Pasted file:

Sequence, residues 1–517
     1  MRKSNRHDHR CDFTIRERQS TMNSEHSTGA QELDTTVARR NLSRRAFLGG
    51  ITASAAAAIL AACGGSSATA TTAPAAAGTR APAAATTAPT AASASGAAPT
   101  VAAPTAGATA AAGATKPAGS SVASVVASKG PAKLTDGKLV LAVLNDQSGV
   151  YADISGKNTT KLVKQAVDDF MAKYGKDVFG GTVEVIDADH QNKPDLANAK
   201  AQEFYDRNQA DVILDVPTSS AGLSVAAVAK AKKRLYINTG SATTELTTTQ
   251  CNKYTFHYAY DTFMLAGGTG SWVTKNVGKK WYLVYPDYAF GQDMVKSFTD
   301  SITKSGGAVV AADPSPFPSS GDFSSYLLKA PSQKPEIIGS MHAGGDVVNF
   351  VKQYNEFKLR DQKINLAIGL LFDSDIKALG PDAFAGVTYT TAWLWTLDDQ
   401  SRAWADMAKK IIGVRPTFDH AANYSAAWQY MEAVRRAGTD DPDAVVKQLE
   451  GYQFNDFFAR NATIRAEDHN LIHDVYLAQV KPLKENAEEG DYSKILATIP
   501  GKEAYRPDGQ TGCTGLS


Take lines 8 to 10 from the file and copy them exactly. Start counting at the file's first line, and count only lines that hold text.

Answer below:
   301  SITKSGGAVV AADPSPFPSS GDFSSYLLKA PSQKPEIIGS MHAGGDVVNF
   351  VKQYNEFKLR DQKINLAIGL LFDSDIKALG PDAFAGVTYT TAWLWTLDDQ
   401  SRAWADMAKK IIGVRPTFDH AANYSAAWQY MEAVRRAGTD DPDAVVKQLE